Lectures

Intestinal Malrotation

by Brian Alverson, MD
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    00:02 Let’s switch gears to malrotation.

    00:05 This isn’t so much a problem with the enteric passage itself, but rather that it’s mislocated within the abdominal wall.

    00:13 So, here’s a classic example.

    00:15 An infant is born three weeks of age, could be older, and is brought to the emergency department presenting with bilious or dark green vomiting and abdominal pain.

    00:25 He gets an urgent upper GI contrast study which shows emptying of stomach contents into the right lower quadrant instead of across the ligament of Treitz.

    00:35 So bilious emesis in any baby is concerning.

    00:40 Abdominal pain, and certainly, when you see emptying of stomach contents into right lower quadrant on the upper GI study, you know this child has malrotation.

    00:54 So, what’s malrotation? This is one of the most common causes of intestinal obstruction in infancy.

    01:01 It is a surgical emergency.

    01:03 These children may not go home and come back later.

    01:07 This presents as a volvulus.

    01:10 Fifty percent of these children will present in their first month of life and 90% will present in their first year of life, although a tiny percent may present years later.

    01:23 This is caused by an incomplete rotation of the gut during embryological development.

    01:29 Recall your embryology.

    01:31 The gut actually passes outside of the child, twists around and then goes back in again.

    01:36 If that rotation is incomplete, this child may have malrotation.

    01:43 So, what you’ll see when you look at the child now that they’re born is the cecum remains high up in the abdominal compartment and fixed, attached to the posterior abdominal wall.

    01:56 It’s attached there by Ladd’s bands, which are remnants of peritoneum that are fixing it against the abdominal wall.

    02:04 These Ladd’s bands now may obstruct the duodenum and prevent the passage of food out past the stomach through to the duodenum and into the jejunum.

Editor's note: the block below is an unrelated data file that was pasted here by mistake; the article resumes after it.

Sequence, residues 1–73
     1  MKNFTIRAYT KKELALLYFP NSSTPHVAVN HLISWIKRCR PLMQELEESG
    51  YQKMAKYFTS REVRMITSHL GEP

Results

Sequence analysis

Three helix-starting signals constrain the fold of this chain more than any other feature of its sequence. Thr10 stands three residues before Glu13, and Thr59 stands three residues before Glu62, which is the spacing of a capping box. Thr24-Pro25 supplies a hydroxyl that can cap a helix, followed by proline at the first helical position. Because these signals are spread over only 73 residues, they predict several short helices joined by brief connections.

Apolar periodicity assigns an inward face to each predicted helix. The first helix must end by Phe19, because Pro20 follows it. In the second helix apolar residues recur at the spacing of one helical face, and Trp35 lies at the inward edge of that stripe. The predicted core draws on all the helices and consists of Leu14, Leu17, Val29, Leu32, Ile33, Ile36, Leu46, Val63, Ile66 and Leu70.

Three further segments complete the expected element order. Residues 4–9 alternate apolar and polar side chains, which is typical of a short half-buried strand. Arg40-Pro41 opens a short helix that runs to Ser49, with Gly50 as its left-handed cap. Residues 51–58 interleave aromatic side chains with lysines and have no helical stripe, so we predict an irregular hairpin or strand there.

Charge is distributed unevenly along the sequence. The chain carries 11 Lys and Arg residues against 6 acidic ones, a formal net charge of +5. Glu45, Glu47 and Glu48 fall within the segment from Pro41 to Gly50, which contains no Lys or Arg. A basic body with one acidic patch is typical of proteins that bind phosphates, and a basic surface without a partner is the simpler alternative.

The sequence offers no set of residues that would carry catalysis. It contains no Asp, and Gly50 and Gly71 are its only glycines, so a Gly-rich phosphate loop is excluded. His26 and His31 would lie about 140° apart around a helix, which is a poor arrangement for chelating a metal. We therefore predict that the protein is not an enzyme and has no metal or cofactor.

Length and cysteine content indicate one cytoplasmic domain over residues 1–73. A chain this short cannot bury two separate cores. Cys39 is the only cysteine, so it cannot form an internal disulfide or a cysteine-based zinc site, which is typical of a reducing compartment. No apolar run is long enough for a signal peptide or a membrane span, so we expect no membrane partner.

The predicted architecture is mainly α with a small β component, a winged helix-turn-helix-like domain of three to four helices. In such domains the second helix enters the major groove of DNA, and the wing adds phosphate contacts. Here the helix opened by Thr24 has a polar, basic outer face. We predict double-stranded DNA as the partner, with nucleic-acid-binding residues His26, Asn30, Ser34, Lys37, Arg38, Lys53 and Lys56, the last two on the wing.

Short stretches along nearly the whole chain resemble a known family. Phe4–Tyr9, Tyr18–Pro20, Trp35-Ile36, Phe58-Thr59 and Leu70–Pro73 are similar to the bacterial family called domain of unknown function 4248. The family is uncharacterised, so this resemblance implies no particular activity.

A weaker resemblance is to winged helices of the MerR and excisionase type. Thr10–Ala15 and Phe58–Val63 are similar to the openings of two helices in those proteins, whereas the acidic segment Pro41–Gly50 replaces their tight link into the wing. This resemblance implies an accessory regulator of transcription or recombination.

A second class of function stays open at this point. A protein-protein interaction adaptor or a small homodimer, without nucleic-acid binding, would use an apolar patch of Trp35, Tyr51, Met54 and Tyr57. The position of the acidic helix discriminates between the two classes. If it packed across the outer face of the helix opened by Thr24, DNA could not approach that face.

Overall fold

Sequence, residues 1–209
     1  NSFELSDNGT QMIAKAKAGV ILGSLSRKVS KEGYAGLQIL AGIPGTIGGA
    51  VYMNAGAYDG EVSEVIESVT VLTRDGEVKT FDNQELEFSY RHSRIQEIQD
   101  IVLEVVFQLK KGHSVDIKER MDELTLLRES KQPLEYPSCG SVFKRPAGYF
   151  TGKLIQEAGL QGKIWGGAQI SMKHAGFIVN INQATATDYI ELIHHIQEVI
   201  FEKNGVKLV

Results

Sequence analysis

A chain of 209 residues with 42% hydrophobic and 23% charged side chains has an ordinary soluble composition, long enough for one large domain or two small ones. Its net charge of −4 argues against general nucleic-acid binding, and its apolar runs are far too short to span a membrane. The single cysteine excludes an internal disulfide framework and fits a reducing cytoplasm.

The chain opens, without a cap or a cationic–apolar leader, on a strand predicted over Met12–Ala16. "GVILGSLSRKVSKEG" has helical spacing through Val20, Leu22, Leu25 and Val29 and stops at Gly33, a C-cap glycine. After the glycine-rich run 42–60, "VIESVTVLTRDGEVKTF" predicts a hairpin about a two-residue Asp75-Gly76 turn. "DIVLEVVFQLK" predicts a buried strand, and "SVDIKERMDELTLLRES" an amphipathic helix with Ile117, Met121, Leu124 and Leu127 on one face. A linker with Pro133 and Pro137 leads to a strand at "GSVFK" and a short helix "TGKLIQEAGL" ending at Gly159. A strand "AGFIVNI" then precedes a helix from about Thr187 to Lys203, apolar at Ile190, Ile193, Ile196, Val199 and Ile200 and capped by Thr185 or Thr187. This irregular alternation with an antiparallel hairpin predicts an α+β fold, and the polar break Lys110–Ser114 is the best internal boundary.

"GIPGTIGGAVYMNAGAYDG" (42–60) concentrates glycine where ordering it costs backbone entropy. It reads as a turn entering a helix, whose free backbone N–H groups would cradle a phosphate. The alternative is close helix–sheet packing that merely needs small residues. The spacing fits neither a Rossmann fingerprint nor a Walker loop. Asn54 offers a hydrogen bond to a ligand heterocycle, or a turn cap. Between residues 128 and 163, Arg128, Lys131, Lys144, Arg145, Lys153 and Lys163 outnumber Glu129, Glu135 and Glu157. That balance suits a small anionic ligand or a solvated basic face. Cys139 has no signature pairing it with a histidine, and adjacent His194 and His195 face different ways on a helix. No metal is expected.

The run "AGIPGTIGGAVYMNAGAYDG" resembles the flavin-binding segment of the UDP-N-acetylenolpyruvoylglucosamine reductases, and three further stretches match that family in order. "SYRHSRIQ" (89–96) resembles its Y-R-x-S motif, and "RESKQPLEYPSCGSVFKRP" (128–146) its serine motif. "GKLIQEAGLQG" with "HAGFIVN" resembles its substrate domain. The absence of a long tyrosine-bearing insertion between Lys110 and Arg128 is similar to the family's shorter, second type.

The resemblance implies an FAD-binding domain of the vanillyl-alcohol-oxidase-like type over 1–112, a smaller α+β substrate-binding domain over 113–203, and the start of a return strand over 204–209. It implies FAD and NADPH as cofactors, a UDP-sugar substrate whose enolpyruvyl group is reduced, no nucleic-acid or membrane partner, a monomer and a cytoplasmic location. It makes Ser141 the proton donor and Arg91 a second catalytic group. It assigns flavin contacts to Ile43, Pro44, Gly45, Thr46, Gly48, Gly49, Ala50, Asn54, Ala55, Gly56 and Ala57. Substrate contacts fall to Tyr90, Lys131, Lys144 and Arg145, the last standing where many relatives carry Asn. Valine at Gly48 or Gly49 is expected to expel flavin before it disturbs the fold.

02:16 So, what you can see is these children will have an abnormal location, where the dotted lines are in this film, and it will be moved up and the Ladd’s bands will be fixed there obstructing the duodenum.

    02:30 Patients with malrotation will have acute, forceful, and this is key, bilious emesis.

    02:37 Bilious emesis in a child under one year of age is malrotation until proven otherwise.

    02:44 That’s a very important clinical pearl.

    02:48 These children will absolutely get small bowel obstruction and all the compromises that can happen as a result including peritonitis, sepsis, shock, and death.

    02:58 Early onset is classic, usually in the first year of life like we said, and often in the first month, these children will get abdominal distention and they often may present as bloody diarrhea later as that intestinal wall is now desiccating and necrotic and they’re now bleeding into their intestinal compartment.

    03:17 Later onset patients, those rare that come later, may be asymptomatic.

    03:22 They may have chronic insidious emesis.

    03:25 They may have failure to thrive, anorexia or poor feeding and they may suffer from malabsorption.

    03:31 So these children are sometimes harder to detect.

    03:36 So physical exam findings in children with malrotation include that early, they may be relatively well appearing.

    03:42 The mom says, “My baby has been so healthy her whole life." "I don’t understand why this is happening.” The child should have signs of dehydration, some abdominal distention, some diffuse abdominal tenderness.

    03:53 It’s rare for a baby to be able to localize their tenderness.

    03:57 Shock or sepsis is common especially if there is a delay in diagnosis or the child has been having symptoms for many days prior to presentation.

    04:08 Guaiac-positive stool, or frankly, bloody stool is a sign that this has been going on too long.

    04:15 So, to make the diagnosis, any infant with bilious emesis has malrotation until proven otherwise.